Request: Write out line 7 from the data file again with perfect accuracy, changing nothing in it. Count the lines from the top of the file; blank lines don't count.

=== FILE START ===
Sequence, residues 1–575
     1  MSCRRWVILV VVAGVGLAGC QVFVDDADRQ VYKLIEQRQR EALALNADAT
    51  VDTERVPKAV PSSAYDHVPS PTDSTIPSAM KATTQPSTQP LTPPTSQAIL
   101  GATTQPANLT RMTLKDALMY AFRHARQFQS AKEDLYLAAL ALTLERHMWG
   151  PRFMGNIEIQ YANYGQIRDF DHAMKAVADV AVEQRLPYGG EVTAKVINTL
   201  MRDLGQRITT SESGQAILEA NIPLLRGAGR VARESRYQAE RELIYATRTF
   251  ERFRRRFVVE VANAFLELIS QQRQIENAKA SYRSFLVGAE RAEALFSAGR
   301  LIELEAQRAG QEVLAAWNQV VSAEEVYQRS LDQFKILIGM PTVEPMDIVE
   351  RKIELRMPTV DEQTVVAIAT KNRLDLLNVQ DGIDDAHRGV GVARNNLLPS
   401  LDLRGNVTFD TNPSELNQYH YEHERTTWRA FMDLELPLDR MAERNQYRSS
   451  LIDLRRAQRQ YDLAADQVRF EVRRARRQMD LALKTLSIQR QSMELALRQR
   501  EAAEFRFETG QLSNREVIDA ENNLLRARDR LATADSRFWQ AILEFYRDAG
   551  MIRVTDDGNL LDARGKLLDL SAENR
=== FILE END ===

   251  ERFRRRFVVE VANAFLELIS QQRQIENAKA SYRSFLVGAE RAEALFSAGR